ISSN : (Online)
DOI : http://dx.doi.org/10.14354/yjk.2009.32.149
Use of Rhetorical Counter-Questions in Yeats and Blake: Spiritual Value of Ambivalence
Yeats used rhetorical counter-questions to express the ambivalent unseen realityin "The Second Coming," "Among School Children," "Leda and Swan," and"Meditations in Time of Civil War." "Beast" in "The Second Coming," "dancer" in"Among School Children," Helen in "Leda and Swan," and "dream" in "TowardsBreak of Day" connote fusion images of opposing objects to evoke many aspects ofone thing by using rhetorical counter-question.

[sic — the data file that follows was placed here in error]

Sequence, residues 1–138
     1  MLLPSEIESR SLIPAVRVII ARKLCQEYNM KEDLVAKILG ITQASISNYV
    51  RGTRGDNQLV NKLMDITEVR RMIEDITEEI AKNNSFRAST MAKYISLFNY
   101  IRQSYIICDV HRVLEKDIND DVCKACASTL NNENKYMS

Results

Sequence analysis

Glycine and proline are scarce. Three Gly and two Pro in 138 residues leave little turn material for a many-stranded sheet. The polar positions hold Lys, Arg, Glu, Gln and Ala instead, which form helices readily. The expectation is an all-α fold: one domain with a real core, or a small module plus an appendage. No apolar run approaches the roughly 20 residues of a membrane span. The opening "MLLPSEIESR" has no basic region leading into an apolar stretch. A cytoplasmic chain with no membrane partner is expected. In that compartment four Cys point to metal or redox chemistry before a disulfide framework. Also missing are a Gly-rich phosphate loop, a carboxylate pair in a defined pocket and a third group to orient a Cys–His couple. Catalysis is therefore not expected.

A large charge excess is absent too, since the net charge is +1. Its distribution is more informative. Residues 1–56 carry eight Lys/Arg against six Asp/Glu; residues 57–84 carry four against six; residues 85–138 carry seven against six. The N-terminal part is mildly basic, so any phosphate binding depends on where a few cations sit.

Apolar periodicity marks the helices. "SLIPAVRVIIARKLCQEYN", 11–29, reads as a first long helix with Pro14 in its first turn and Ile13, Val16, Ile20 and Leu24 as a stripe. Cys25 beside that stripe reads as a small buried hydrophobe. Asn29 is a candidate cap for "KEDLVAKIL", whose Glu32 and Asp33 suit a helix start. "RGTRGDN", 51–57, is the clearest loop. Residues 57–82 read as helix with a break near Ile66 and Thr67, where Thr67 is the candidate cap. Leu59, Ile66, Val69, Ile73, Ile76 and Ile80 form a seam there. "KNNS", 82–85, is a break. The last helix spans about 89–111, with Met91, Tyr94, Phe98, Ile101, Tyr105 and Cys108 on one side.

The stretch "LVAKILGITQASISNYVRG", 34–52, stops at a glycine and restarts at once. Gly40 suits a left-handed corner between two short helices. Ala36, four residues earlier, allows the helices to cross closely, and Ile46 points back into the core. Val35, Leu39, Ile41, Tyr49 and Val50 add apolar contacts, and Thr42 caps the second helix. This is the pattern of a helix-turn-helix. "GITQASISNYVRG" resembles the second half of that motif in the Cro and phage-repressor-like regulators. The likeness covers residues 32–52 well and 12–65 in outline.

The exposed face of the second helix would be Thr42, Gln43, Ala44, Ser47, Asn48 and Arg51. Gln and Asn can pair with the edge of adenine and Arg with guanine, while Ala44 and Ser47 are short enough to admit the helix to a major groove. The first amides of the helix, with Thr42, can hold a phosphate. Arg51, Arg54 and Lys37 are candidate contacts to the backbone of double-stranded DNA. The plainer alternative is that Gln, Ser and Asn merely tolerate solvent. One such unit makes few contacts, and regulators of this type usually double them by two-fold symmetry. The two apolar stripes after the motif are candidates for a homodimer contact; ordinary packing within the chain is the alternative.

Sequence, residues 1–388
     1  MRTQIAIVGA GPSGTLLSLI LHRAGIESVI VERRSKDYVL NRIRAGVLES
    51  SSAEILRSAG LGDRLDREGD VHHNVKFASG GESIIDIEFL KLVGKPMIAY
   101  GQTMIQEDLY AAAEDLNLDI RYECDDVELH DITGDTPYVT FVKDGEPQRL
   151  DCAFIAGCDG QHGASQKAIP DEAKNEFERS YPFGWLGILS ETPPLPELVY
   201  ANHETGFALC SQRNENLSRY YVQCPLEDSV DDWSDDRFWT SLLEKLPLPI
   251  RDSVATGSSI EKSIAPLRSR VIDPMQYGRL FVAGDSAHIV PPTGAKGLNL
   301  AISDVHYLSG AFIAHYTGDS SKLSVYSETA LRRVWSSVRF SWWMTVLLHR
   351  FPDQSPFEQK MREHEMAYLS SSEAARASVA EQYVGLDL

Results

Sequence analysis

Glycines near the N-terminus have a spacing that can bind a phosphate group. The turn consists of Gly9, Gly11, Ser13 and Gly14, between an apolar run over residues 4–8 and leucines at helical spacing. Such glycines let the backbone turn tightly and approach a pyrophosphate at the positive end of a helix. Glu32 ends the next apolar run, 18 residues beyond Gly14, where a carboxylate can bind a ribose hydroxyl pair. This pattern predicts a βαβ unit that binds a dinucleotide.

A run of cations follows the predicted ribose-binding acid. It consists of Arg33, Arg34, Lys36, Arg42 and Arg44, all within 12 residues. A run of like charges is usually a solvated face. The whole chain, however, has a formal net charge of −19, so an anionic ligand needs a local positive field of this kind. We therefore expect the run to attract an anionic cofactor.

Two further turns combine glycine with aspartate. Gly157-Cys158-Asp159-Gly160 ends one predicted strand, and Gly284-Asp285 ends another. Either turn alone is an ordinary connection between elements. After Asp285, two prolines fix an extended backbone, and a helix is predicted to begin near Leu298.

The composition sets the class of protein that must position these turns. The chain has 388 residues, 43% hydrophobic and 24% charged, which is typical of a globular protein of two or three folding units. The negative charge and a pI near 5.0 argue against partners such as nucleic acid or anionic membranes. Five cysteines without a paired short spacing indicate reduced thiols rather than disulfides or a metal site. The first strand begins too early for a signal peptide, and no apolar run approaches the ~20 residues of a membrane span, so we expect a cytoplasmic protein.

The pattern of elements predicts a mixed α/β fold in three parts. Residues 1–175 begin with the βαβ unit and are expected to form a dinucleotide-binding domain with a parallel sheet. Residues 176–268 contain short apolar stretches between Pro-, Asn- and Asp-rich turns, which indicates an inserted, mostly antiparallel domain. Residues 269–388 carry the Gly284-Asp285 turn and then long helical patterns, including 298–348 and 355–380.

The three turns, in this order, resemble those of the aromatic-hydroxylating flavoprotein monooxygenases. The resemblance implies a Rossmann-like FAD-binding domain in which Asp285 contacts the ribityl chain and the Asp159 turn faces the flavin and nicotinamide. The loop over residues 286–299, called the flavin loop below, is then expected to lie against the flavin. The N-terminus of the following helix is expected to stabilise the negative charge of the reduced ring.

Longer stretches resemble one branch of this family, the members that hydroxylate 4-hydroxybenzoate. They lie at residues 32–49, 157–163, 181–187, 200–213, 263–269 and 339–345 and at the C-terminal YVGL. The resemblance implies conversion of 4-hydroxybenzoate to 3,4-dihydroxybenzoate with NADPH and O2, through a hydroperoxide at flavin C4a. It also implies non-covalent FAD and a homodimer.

Also, Blake used rhetorical counter-questions to express the ambivalent spiritual,social, and ethical reality in "Tyger" and "A Little Boy Lost." Especially, Blakequalified spiritual ambivalence through various images of fire in "The Marriage ofHeaven and Hell" in that fire includes associated meanings of heaven and hell.Most of Blake's spiritual poems often begins with a rhetorical counter-question andends with a rhetorical counter-question to strengthen the significance of ambivalentarchetypal cycle.
Although both poets differ from each other on human spiritual value, theyused rhetorical counter-questions to free from religious, political, moral, social, andtraditional repression in their poetry. In this sense, men are making meaningsthrough their mystic imagination which is free from religion and tradition rather than scientific reason. Therefore, Yeats and Blake used rhetorical counter-questionsto qualify open aspects of human imagination and to complete archetypal countercycle.